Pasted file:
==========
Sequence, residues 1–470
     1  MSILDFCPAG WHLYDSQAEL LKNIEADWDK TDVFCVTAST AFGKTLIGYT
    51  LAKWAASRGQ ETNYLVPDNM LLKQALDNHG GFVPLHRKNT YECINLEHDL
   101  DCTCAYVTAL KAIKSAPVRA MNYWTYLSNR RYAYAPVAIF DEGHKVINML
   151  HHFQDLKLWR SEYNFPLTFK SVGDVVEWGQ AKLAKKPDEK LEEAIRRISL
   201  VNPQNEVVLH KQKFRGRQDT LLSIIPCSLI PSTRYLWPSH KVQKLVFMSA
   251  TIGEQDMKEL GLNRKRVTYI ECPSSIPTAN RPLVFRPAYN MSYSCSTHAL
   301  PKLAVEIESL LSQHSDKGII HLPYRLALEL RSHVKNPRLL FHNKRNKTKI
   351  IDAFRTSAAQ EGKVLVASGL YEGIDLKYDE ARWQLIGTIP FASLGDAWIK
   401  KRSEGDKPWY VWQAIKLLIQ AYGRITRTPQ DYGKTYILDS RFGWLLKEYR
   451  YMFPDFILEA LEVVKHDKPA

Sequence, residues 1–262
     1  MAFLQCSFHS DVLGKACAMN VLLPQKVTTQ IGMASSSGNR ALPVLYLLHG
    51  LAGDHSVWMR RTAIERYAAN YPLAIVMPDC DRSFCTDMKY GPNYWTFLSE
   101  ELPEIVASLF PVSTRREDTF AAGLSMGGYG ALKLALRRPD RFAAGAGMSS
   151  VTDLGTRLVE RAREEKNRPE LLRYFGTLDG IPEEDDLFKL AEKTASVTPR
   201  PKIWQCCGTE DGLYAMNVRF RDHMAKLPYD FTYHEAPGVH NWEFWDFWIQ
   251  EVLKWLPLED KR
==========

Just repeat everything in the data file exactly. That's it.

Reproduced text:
Sequence, residues 1–470
     1  MSILDFCPAG WHLYDSQAEL LKNIEADWDK TDVFCVTAST AFGKTLIGYT
    51  LAKWAASRGQ ETNYLVPDNM LLKQALDNHG GFVPLHRKNT YECINLEHDL
   101  DCTCAYVTAL KAIKSAPVRA MNYWTYLSNR RYAYAPVAIF DEGHKVINML
   151  HHFQDLKLWR SEYNFPLTFK SVGDVVEWGQ AKLAKKPDEK LEEAIRRISL
   201  VNPQNEVVLH KQKFRGRQDT LLSIIPCSLI PSTRYLWPSH KVQKLVFMSA
   251  TIGEQDMKEL GLNRKRVTYI ECPSSIPTAN RPLVFRPAYN MSYSCSTHAL
   301  PKLAVEIESL LSQHSDKGII HLPYRLALEL RSHVKNPRLL FHNKRNKTKI
   351  IDAFRTSAAQ EGKVLVASGL YEGIDLKYDE ARWQLIGTIP FASLGDAWIK
   401  KRSEGDKPWY VWQAIKLLIQ AYGRITRTPQ DYGKTYILDS RFGWLLKEYR
   451  YMFPDFILEA LEVVKHDKPA

Sequence, residues 1–262
     1  MAFLQCSFHS DVLGKACAMN VLLPQKVTTQ IGMASSSGNR ALPVLYLLHG
    51  LAGDHSVWMR RTAIERYAAN YPLAIVMPDC DRSFCTDMKY GPNYWTFLSE
   101  ELPEIVASLF PVSTRREDTF AAGLSMGGYG ALKLALRRPD RFAAGAGMSS
   151  VTDLGTRLVE RAREEKNRPE LLRYFGTLDG IPEEDDLFKL AEKTASVTPR
   201  PKIWQCCGTE DGLYAMNVRF RDHMAKLPYD FTYHEAPGVH NWEFWDFWIQ
   251  EVLKWLPLED KR